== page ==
CRACKERS ARE always in my kitchen: Croccantini from La Panzanella (I like the rosemary version), Wheat Thins (or “Wheat Fats” as we call them) and Premium Saltines (what would Campbell’s tomato soup be without ’em?).
But these days, if I’m feeling homey, I make my own.
For that, I thank Bruce Naftaly, owner of the late, great Le Gourmand — closed in 2012 after nearly 30 years in Ballard. I’ve long admired his poppy seed crackers, a menu staple served with rabbit-liver pate. Not only because they were homemade, but because Naftaly grew poppies in his restaurant garden and harvested the seeds for his crackers long before the word locavore came into our lexicon.
The chef — who’s been keeping busy teaching cooking classes — showed up at my house for a private lesson bearing antiques from his Le Gourmand kitchen: a French charlotte mold used to stamp out the crackers, and a 19th-century Japanese sembei iron to prettily imprint each with a chrysanthemum.
- Costco will buy most farmed salmon from Norway, not Chile
- Mariners prospect hit by boat dies at age 20
- Let's cut traffic by road rationing, Italian style
- Italian court throws out Knox conviction once and for all
- Russell Wilson hits homer with Texas Rangers
Most Read Stories
I’ve since made do shaping crackers with the rim of a juice glass (you might use a cookie cutter) and pricking each with the tines of a fork (which, like the iron, keeps the crackers from puffing as they bake).
“I don’t remember where the recipe came from,” Naftaly said, rolling dough with admittedly less finesse than his wife, Sara, his longtime pastry chef, who plans to someday soon have a bakeshop of her own. Acknowledging his wife would insist he take care not to overwork the dough, he shrugs: “It’s a cracker, for God’s sake! It’s not supposed to be a flaky pie crust.”
I’ve since had fun tweaking his recipe. I’ve brushed my cracker dough with olive oil and sprinkled each with coarse salt and cracked pepper before baking. I’ve used a knife to cut the dough into rectangles instead of shaping it into rounds. And I’ve blatantly disregarded Naftaly’s instructions about not rerolling the dough scraps. Waste not, want not, right?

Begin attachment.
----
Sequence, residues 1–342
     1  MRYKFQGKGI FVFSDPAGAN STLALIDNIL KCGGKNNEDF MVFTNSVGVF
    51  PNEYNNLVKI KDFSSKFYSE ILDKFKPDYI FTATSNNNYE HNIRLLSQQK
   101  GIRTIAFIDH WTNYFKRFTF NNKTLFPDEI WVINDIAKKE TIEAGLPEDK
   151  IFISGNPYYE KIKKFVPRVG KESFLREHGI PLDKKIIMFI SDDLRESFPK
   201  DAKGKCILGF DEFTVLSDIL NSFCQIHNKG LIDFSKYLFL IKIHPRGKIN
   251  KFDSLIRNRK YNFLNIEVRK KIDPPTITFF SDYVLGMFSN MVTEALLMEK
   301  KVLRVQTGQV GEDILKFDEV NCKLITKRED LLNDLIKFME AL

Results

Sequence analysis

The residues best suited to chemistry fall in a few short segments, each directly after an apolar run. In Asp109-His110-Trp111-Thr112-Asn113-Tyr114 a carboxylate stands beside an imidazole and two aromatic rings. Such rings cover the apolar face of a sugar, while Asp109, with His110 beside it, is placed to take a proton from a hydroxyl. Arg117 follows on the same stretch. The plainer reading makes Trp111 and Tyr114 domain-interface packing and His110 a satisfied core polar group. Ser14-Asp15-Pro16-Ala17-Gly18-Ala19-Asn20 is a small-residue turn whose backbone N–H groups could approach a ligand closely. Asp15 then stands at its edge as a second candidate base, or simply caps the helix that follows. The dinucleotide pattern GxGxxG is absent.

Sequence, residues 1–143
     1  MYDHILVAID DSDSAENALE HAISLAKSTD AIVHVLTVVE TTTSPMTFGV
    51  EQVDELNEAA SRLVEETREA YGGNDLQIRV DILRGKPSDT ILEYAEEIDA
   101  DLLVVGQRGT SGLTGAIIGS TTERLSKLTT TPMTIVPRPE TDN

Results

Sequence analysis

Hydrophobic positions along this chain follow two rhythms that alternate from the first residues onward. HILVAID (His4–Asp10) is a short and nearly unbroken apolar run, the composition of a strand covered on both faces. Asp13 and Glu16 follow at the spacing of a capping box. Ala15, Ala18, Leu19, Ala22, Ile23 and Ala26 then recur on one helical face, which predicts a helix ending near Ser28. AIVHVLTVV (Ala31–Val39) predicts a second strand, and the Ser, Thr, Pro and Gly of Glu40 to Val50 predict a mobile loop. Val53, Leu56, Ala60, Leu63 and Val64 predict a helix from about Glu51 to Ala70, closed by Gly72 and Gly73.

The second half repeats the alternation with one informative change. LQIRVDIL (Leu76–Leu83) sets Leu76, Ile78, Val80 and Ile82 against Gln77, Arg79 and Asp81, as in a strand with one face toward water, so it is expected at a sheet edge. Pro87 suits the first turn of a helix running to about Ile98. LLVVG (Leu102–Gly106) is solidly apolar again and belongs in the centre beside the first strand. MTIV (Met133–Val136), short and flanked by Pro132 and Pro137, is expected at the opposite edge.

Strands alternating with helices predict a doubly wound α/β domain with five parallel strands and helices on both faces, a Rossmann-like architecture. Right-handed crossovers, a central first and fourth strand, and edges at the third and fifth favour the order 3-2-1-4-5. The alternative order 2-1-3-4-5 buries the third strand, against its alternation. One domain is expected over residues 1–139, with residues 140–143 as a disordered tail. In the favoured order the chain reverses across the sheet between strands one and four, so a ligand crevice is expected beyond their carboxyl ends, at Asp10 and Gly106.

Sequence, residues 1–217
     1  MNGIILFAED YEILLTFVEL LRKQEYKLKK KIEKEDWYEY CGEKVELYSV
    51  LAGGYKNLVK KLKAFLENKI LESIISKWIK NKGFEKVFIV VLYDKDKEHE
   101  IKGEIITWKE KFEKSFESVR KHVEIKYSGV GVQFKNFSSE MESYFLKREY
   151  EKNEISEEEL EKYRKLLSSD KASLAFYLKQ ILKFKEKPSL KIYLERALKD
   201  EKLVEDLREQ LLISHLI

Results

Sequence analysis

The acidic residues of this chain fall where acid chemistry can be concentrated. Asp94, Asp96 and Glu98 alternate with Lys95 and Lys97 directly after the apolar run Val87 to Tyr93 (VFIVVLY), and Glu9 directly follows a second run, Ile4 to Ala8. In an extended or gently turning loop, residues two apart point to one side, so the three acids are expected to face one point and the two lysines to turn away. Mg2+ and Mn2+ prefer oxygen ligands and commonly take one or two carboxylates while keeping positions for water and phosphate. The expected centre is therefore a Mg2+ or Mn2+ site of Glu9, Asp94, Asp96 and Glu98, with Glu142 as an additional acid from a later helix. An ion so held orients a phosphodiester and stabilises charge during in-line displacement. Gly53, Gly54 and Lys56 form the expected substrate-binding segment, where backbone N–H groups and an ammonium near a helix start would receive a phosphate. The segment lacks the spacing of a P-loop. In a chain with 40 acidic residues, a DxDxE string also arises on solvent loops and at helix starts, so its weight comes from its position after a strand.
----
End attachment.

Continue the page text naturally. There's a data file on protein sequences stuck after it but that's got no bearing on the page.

I’ve substituted chopped herbs for the poppy seeds and, at his suggestion, frozen batches of unbaked crackers directly on a baking sheet, bringing them to room temperature before baking them “fresh” for company.
And now, with spring in the air, I think it’s time to plant some poppies.
Le Gourmand Poppy Seed Crackers
Makes about 4 dozen
2 cups all-purpose flour
1 teaspoon baking powder
1 teaspoon fine sea salt (or table salt)
2 teaspoons poppy seeds
4 tablespoons cold, unsalted butter
1. Preheat the oven to 350 degrees.
2. In a large bowl, sift together the flour, baking powder and salt. Add the poppy seeds and use a whisk to distribute.
3. Cut the butter into small dice, add to the dry ingredients and, using the tips of your fingers in a pinching motion, work the butter into the flour mixture until it resembles coarse cornmeal.
4. Add 4 tablespoons of ice water and knead the mixture until it comes together in the bowl, adding more water as necessary, a tablespoon at a time, to form a smooth dough ball.
5. Divide the ball in half. Set one half aside and cover with plastic wrap. On a lightly floured surface, roll out the first ball to a thickness of 1
8 inch. Cut into rounds with a 2-inch cookie cutter and place them, 1 inch apart, on ungreased baking sheets. Repeat the process with the second dough ball.
6. Prick each cracker three times with the tines of a fork just before baking, then bake 16-18 minutes — or until lightly browned. Cool before serving.
Nancy Leson is The Seattle Times’ food writer. Reach her at firstname.lastname@example.org. Ken Lambert is a Times staff photographer.